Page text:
Luckily, Krypto's food is a lamb formula without poultry in it, and the leftover cat food from Chewy pre-dates the problem. Some of that is poultry, some is fish based.
Here's the article that got me thinking about this:
The Centers for Disease Control (CDC) is reporting that 34 US states have seen outbreaks of avian flu in poultry flocks. Since this outbreak began in January 2022 (as of May 9, 2022) more than 37 million birds in the US have been killed (termed as depopulated) due to the virus. The big questions for pet owners: how are those millions of poultry carcasses disposed of? Will they end up in pet food?
The USDA has a document specific to the depopulation of avian flu poultry and the disposal of those birds. The USDA allows avian flu poultry to be disposed of by “composting, burial, incineration, rendering, and landfilling“, and states that “depending on the situation” all of the available disposal options will be used. This means—with certainty—some of the depopulated avian influenza poultry will end up as rendered ingredients in pet food.
The USDA document explains the rendering depopulation method as: “This involves processing carcasses until they are reduced to water, fat or tallow, and meat or bone meal.” This tells us that the avian flu depopulated poultry will become the commonly used pet food ingredients chicken meal, turkey meal, chicken by-product meal, turkey by-product meal, and chicken fat.
The FDA does NOT require pet food manufacturers to disclose if any ingredient was sourced from avian flu depopulated poultry.
Could rendered ingredients be contaminated with avian flu? Absolutely yes. The goal of any heat step such as rendering is to destroy all pathogens. As many pathogenic bacteria pet food recalls evidence, pathogens often survive the rendering of ingredients and/or the pet food cooking process. Specific to avian flu and rendered ingredients, the USDA states rendering sick birds “is very effective but requires added safety precautions to make sure the virus does not become aerosolized and dispersed throughout the rendering plant.”
One mistake, one lax safety precaution could result in the virus being spread to millions/billions of pounds of rendered ingredients.
Dogs and cats are susceptible to avian influenza, however cats appear to be more susceptible. The current outbreak of avian influenza is considered “highly pathogenic“.
The other issue of concern is how avian flu infected flocks of poultry are depopulated, and would depopulation methods be a risk in rendered ingredients? The USDA document states that the common methods “to depopulate HPAI-affected flocks: water-based foam for floor-raised birds and carbon dioxide gas for caged birds.” No authority (FDA or USDA) provides assurances to pet owners that foam killed or carbon dioxide killed flu infected birds are safe for pets to consume.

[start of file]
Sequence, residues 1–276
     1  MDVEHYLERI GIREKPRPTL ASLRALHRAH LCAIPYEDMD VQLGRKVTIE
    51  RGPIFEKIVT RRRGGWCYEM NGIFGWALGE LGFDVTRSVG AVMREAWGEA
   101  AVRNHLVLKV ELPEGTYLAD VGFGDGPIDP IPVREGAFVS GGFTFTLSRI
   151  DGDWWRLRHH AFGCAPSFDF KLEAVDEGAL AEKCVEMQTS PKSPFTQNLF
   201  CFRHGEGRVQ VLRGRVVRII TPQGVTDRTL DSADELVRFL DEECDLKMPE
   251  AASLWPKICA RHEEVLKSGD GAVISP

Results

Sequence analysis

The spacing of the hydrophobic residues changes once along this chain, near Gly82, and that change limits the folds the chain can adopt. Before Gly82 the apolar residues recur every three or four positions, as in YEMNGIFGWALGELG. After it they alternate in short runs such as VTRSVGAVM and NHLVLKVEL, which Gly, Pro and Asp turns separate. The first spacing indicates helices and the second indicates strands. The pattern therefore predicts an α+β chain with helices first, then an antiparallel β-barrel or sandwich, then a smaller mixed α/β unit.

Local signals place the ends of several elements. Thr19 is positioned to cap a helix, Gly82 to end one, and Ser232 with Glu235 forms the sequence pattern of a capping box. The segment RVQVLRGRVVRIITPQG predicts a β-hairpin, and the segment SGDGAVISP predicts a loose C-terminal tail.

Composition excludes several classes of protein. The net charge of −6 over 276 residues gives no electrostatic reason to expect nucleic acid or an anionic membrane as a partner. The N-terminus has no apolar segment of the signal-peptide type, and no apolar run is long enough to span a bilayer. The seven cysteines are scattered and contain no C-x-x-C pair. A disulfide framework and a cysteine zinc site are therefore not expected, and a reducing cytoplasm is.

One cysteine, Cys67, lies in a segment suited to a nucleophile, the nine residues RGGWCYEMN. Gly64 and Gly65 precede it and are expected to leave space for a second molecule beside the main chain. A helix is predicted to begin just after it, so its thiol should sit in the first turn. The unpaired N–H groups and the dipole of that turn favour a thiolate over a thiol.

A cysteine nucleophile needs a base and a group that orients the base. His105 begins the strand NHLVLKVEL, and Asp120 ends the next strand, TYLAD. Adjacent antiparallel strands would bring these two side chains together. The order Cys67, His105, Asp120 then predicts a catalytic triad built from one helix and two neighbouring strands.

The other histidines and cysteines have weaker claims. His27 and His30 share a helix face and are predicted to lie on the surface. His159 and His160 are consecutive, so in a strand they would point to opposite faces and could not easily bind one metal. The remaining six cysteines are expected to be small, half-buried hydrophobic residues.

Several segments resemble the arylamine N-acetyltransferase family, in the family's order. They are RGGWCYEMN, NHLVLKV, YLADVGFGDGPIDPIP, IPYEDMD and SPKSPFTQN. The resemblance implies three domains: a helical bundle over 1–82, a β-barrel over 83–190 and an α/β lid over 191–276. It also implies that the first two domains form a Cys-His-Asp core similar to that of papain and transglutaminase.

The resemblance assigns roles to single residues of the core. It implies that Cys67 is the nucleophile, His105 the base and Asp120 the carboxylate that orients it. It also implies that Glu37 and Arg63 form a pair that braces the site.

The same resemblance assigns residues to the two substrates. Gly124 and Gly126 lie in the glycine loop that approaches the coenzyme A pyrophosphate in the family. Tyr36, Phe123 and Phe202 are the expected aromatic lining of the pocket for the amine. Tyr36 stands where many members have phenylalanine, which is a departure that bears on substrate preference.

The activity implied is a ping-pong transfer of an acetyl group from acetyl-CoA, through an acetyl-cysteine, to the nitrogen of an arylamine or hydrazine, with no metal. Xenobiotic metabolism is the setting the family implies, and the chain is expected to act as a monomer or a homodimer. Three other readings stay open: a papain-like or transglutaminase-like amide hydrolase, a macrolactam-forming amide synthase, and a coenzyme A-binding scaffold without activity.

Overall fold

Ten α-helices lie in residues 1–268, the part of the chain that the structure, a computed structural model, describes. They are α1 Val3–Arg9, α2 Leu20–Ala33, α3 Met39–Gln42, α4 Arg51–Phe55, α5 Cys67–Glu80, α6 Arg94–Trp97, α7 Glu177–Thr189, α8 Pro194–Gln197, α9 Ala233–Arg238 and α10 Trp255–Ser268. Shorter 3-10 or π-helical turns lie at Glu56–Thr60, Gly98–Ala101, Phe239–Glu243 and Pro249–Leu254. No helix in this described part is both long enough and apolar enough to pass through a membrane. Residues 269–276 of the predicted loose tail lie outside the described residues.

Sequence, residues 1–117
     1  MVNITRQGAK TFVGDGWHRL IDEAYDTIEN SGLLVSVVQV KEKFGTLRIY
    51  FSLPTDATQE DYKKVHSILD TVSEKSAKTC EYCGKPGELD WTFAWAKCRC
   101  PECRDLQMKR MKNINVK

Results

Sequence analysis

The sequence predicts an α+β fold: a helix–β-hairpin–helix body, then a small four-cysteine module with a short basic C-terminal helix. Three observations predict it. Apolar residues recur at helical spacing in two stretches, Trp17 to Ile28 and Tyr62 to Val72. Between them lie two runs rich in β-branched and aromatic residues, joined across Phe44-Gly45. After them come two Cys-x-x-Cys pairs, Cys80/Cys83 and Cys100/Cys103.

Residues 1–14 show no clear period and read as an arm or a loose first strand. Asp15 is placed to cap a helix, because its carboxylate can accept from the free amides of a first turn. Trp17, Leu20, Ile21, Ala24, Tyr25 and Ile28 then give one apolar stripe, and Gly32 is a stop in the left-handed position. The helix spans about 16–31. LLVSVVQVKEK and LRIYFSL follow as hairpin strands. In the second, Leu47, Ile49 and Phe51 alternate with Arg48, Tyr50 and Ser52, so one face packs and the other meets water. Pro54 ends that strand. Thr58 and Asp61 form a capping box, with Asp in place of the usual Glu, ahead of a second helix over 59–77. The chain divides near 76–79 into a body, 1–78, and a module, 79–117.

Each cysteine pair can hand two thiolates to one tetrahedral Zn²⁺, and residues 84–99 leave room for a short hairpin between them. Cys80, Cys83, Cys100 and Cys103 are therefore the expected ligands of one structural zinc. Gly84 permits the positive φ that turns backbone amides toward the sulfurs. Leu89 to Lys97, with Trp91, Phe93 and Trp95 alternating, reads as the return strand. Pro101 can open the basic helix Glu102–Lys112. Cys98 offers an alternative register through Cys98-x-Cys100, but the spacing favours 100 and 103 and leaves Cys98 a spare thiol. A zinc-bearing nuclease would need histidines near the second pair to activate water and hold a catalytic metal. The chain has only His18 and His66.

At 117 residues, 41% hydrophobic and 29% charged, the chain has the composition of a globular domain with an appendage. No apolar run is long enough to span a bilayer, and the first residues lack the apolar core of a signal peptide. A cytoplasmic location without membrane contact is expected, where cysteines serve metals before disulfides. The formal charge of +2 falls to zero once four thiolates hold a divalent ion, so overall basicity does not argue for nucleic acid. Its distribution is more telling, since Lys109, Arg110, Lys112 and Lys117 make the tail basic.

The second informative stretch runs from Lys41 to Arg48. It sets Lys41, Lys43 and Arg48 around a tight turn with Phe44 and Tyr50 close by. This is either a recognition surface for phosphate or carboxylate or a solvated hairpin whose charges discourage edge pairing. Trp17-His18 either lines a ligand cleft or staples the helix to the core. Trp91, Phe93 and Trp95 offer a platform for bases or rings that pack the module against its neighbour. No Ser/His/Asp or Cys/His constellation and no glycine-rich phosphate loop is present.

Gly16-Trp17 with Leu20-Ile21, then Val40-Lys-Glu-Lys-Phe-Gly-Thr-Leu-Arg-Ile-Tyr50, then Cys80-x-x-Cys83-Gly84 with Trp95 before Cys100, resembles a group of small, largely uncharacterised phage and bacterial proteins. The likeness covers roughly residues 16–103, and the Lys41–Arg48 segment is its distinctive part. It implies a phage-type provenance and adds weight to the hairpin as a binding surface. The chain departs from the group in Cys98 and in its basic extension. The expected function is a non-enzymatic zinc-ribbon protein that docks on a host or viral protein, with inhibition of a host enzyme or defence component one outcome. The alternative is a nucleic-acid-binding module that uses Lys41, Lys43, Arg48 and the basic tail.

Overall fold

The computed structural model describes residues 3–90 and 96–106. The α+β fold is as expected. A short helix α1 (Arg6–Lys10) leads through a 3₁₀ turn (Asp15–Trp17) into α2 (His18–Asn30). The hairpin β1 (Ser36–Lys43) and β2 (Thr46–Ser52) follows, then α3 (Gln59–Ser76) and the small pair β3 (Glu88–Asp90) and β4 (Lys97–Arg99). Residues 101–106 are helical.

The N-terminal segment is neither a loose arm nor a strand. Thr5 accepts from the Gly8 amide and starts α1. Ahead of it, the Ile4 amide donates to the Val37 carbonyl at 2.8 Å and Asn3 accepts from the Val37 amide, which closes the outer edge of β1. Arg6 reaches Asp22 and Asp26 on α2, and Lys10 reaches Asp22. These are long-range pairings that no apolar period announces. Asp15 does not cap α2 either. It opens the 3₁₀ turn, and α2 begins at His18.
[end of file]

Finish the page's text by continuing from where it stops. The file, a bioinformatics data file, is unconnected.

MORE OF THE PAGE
Pet owners are caught in the middle of government agency jurisdiction. The USDA has jurisdiction over the depopulation methods, the sick birds and the rendering facilities that would process the sick poultry. But the USDA has no jurisdiction over the pet food ingredients that are produced by the rendering process. All pet food ingredients fall into FDA jurisdiction.
In other words, the risk to pets consuming depopulated avian flu infected poultry is not considered by USDA. USDA can decide how best to depopulate 37+ million of poultry giving (hopefully) some respect to end of life for the poultry—but they make those decisions without one concern to the pet edible product (allowed by FDA) produced through depopulation. On the other side of things, the FDA allows these ingredients to be used in pet food with no regulatory ‘say’ in safe for pets to consume methods for depopulation. Are these ingredients safe? We don’t know. But we do know that no authority is providing pet owners with assurances that the sick birds or the depopulation methods result in safe for pets to consume ingredients.
We have sent questions to FDA Center for Veterinary Medicine asking if FDA has directly allowed rendered depopulated avian flu birds into pet food and we asked if FDA believes pet owners should be informed what they are purchasing (with a disclosure on the label). We don’t expect to hear back from FDA CVM anytime soon, it often takes months for them to respond to our questions.
Waste—such as the rendered carcasses of foam or carbon dioxide depopulated avian flu infected poultry, 37 million carcasses—is an ugly truth of pet food. An ugly truth that no one of authority wants to talk about.
But…it HAS TO BE publicly discussed and disclosed on pet food labels (if they are going to continue to allow waste to be disposed of into pet food). To keep this ugly truth silent, is deceiving millions of pet owners and potentially putting millions of pets at risk.
If your pet’s food or treat contains the ingredients chicken meal, turkey meal, chicken by-product meal, turkey by-product meal, poultry fat or chicken fat – ask the manufacturer for a written guarantee the ingredient is not sourced from avian flu depopulated poultry.
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